We had an early start the next day as we were heading into South Africa via Swaziland so would have to cross two borders in a day. But we shouldn’t have worried as the borders were again a pleasure, and apart from a customs official who is now the proud owner of a broom which he had seen in the back of the truck and rather fancied, we had no trouble at all getting through the borders.
The Kingdom of Swaziland is one of the smallest countries in Africa and one of only three remaining monarchies in Africa. It is a beautiful country of rolling hills, great game parks, friendly people and excellent roads which were very welcome after our experiences in parts of Mozambique! Unfortunately due to the time constraints on this trip we were only able to visit the country for about three hours! But on our Trans-Africa expeditions we will do the country a bit more justice and explore what it has to offer.
From Swaziland we headed into South Africa. The most accessible of the countries in southern Africa, this country has something for everyone! On a Trans-Africa expedition many of the other operators only spend a couple of days here before heading up into Namibia. However we believe that South Africa is such a beautiful and diverse country that it is worth exploring properly, so on our Trans-Africa expeditions we will be spending nearly three weeks here travelling along the coast, through the mountains and into the game parks.
Our entry point into South Africa took us into the province of KwaZuluNatal where our first stop was the iSimangaliso Wetlands Park. Formerly known as the Greater St Lucia Wetlands National Park, this is a hidden gem of a park and was one of the highlights of our whole trip. The park has excellent facilities including a lovely campsite where we set up camp for two nights.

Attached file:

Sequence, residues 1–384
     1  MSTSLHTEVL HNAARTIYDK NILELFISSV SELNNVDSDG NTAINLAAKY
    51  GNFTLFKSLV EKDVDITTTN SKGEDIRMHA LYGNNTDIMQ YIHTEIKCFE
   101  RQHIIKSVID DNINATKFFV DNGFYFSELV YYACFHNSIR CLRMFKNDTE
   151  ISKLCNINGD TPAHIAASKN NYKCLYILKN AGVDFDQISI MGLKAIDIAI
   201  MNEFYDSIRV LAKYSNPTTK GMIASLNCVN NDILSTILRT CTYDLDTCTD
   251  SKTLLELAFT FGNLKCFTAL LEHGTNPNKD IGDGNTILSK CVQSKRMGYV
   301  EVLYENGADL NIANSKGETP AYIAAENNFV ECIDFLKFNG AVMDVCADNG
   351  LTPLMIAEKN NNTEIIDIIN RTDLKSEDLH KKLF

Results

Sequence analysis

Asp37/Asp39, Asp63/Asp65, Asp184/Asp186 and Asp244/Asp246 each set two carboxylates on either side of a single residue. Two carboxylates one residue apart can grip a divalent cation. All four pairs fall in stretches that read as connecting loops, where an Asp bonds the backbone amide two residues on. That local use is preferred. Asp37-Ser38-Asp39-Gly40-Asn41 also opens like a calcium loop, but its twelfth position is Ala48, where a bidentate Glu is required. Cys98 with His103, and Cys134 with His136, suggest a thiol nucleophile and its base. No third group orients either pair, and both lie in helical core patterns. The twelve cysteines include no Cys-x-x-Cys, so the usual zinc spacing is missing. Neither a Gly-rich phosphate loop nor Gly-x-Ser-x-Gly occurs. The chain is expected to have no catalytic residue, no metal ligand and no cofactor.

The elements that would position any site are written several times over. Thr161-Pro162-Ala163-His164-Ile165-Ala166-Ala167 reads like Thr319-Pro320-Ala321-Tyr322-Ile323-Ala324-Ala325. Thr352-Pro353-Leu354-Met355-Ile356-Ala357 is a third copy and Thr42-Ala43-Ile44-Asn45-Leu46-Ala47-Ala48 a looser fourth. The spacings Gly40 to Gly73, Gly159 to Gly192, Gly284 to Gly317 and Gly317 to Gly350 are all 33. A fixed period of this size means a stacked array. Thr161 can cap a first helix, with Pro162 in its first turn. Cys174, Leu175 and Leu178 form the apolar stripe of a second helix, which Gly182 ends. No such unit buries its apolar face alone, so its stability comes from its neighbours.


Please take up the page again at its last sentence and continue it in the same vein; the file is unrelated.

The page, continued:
The park warden was absolutely fantastic, very knowledgeable about the park and incredibly helpful and welcoming (and he upgraded us to the luxury lodge on the last night which was a real treat!). He told us that the park was “thick with leopard and rhino” which is quite a claim, but one he makes justifiably as the game viewing was superb.We did several game drives during our stay, and the truck really comes into its own as the height allows you to see more than you would see in a car or even a game viewing 4×4. Having seen elephant, buffalo and lion in Ruaha National Park we were able to finish off the Big Five with sightings of rhino and the elusive leopard. We also saw huge herds of buffalo, zebra, eland and kudu, as well as a large variety of other animals including hippos and crocodiles and amazing birdlife. One of the things that makes this park so special is the variety of terrain which mean that you can wander up over a dune from the campsite and be on a beautiful sandy beach with great snorkelling and lovely warm water and then go game driving in the afternoon. There really is something for everyone at this national park and it is sure to be one of the highlights of Odyssey’s Trans-Africa expeditions.